If you look at MacZFS you will notice that ZFS over a USB bus is garbage. Far too many problems - developer says to not even bother reporting the bugs. And in my experience, FreeBSD is not much different in this regard. Had major problems with ZFS over USB while UFS appears to work fine. Use a different connection, like eSATA or Firewire, and ZFS starts to work again.

I only mention this because it is quite possible that USB was working fine. Glitches / delays / disconnects, regardless of which layer they originate in, appear to hit ZFS hard. Better to use eSATA if you have a FreeBSD box.

Comment: Re:Frequent hurricanes? (Score 0) 627

by willy_me (#46933609) Attached to: US Climate Report Says Global Warming Impact Already Severe
The graph has a logarithmic horizontal scale. As a result, the deviation of sea level from thousands of years ago is calculated over a larger time from then the deviation reported for today. If the deviation for today was calculated using the same time frame it would be significantly larger then the value calculated for thousands of years ago. The fact you did not see this is somewhat disturbing and could just explain why you are arguing your point. Or you're a troll - you're probably just a troll - people on this site can not be that foolish.

Comment: Re:Efficiency? (Score 2) 234

by willy_me (#46885463) Attached to: Toyota Describes Combustion Engine That Generates Electricity Directly

The real question is how efficient is it?

It does not have to be any more efficient if they manage to reduct weight and increase reliability. Efficiency has a big part to play but even a less efficient engine would be desirable if they improve greatly on other aspects.

Remember that this is being targeted for vehicles that will run mostly on electric power. An ICE is a dead weight when not being used. If someone drives using 90% pure electric then the efficiency gains of carrying less weight could easily outweigh the losses of an ICE that was 5% less efficient but only operates for 10% of the time.

Comment: Re:What size does one take? (Score 1) 193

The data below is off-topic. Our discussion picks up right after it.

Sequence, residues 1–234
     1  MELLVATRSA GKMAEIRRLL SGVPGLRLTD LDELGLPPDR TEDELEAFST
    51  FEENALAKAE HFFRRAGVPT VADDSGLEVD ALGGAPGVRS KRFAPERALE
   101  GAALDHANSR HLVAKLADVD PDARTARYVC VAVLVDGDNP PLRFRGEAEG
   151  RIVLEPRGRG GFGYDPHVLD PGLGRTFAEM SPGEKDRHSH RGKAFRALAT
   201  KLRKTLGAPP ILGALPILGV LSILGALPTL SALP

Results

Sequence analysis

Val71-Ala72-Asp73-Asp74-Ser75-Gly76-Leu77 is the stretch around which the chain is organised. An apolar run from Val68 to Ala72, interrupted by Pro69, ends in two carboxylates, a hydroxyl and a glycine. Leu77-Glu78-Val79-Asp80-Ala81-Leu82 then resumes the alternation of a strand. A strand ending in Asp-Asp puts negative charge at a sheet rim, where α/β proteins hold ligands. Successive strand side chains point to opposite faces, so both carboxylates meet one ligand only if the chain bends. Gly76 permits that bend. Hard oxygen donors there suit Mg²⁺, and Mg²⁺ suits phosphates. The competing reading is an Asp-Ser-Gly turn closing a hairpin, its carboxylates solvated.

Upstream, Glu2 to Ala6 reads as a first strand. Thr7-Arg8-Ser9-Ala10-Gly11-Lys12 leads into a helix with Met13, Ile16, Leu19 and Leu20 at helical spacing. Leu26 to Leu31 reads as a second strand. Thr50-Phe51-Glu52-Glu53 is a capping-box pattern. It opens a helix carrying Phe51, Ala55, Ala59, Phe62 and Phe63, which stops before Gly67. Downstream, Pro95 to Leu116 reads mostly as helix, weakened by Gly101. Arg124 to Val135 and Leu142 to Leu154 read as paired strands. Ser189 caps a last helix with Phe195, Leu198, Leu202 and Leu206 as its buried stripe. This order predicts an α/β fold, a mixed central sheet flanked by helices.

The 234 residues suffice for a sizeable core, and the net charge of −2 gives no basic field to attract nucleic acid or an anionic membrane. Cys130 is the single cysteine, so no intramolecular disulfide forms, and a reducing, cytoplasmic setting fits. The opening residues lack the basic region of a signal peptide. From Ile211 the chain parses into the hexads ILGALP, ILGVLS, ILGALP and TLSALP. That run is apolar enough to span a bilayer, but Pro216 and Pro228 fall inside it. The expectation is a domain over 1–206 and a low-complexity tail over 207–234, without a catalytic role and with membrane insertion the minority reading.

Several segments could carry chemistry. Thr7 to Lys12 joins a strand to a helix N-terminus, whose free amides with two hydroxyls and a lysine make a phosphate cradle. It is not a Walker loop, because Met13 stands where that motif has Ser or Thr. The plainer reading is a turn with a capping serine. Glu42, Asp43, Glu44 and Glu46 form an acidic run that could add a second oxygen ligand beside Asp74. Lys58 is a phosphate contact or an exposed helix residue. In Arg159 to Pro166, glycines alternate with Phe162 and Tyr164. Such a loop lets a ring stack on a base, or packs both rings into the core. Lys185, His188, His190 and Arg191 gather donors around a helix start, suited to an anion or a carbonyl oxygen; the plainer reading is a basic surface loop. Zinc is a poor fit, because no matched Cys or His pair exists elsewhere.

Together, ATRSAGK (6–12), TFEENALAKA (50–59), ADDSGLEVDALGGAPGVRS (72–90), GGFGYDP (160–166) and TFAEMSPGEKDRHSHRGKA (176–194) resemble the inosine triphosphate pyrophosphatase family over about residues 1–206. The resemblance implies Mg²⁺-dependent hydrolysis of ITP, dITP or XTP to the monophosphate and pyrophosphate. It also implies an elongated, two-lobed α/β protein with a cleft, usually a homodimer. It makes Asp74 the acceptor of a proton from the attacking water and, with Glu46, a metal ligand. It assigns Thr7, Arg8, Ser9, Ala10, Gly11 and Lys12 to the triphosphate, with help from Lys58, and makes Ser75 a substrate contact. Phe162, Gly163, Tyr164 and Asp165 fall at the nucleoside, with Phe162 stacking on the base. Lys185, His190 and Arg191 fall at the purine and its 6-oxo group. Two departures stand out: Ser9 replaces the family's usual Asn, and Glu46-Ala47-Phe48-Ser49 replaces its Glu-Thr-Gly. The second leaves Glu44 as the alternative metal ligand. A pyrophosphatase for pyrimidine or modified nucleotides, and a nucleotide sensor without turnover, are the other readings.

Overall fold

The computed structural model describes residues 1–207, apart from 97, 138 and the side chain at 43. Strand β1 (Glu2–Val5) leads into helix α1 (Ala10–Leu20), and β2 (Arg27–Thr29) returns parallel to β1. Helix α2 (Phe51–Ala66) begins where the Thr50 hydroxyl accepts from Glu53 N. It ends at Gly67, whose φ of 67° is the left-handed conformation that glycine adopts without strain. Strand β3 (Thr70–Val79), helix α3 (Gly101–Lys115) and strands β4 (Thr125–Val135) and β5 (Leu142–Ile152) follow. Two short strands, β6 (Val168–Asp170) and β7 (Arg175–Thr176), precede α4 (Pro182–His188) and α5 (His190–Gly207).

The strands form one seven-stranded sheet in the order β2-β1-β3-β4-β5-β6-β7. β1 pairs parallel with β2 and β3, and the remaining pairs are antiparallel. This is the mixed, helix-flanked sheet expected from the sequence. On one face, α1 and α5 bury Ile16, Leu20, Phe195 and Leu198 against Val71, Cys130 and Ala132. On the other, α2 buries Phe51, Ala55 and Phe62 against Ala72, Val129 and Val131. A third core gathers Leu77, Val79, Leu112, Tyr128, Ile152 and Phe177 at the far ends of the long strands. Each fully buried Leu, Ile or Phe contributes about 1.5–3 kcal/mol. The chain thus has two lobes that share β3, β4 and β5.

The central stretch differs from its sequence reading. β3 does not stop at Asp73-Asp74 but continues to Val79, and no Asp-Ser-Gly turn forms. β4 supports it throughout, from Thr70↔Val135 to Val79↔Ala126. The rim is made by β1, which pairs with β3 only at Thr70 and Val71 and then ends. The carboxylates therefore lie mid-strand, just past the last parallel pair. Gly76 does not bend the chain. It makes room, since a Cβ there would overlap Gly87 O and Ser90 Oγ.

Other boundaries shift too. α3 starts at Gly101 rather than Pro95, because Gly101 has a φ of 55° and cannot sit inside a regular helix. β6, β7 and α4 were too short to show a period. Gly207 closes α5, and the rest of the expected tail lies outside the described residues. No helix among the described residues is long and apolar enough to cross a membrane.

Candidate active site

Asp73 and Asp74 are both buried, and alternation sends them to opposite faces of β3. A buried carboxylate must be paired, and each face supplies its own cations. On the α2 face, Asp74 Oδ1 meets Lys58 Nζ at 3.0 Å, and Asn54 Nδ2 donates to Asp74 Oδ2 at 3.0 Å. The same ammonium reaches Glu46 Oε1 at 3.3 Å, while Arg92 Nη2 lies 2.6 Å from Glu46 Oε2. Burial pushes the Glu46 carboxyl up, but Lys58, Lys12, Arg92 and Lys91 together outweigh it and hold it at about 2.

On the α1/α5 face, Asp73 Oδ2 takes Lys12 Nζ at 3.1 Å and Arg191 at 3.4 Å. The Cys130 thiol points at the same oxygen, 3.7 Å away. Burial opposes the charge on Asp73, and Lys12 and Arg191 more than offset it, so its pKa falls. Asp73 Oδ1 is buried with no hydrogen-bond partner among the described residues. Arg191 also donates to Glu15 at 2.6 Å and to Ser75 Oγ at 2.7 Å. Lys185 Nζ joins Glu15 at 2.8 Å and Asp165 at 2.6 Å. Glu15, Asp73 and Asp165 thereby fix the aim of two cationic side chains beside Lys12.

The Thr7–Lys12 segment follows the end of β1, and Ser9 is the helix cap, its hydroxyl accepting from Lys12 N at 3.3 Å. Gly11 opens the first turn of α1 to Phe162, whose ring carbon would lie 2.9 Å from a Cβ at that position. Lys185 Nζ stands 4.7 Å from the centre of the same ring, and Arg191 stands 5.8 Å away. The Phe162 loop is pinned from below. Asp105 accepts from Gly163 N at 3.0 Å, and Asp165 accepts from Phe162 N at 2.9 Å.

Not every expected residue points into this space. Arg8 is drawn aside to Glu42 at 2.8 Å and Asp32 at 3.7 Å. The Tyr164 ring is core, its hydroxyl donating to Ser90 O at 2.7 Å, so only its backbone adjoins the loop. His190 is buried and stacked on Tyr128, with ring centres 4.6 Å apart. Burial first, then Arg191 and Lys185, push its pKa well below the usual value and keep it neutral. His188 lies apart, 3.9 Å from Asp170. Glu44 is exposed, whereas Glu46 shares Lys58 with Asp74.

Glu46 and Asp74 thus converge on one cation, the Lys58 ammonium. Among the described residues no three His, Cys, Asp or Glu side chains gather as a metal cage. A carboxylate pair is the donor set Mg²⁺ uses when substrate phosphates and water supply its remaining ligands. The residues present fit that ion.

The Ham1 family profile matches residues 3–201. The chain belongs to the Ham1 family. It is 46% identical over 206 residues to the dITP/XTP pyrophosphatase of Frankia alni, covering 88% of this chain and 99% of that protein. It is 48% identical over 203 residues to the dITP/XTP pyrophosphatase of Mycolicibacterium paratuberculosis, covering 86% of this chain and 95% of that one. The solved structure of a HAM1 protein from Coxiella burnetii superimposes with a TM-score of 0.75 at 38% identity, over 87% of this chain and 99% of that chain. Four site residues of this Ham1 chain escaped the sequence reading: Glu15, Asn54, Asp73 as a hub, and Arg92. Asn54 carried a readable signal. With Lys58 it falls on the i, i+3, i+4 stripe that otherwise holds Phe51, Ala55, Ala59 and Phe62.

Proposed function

by willy_me (#46801417) Attached to: Why Tesla Really Needs a Gigafactory
That was the original plan - 18650 batteries give you the most capacity for the smallest price. But once you start producing thousands of cars things change a little. It would now seem prudent for them to design their own. This would give them more efficient use of space and would make it easier to adopt new upcoming technologies. The economies of scale with respect to 18650 batteries will no longer apply.

Comment: Re:HP Calculators (Score 1) 702

by willy_me (#46793165) Attached to: Ask Slashdot: What Tech Products Were Built To Last?
An amendment. Forget USB - add inductive charging. Now you do not require any physical ports. The keyboard membrane should be designed so that it also provides a watertight seal between the keyboard and the electronics. Now you have a calculator you can use in the rain, on a ship, or anywhere else you do not want to use a cell phone. Engineers can use it in the field - without taking off any gloves.

Comment: Re:HP Calculators (Score 1) 702

by willy_me (#46793127) Attached to: Ask Slashdot: What Tech Products Were Built To Last?

Someone needs to start a Kickstarter project to create a decent calculator. A solid case and keyboard as per the older HP calculators. Color display - they're common enough. Embedded ARM CPU as you would expect in a cell phone. And similar to a cell phone, a rechargable battery. Add in bluetooth, WiFi, and USB for communication and your hardware is done.

The interesting part would be on the software end. One could attempt to emulate an HP calculator - but a standard Forth VM would also be interesting. Synchronizing with a PC is a huge area where things could be improved. It would be great to share a workspace with a computer so that once you solve a problem on the calculator - the requred functions would be available on the PC allowing you to automaticaly integrate the solution into your own code / spreadsheet / etc.

An open calculator design would open up lots of possibilities. Cell phones are great start but regardless of how impressive the software is, it still lacks a physical keyboard. Automatic type correction works great for text - not so much for calculators.

"Consistency requires you to be as ignorant today as you were a year ago." -- Bernard Berenson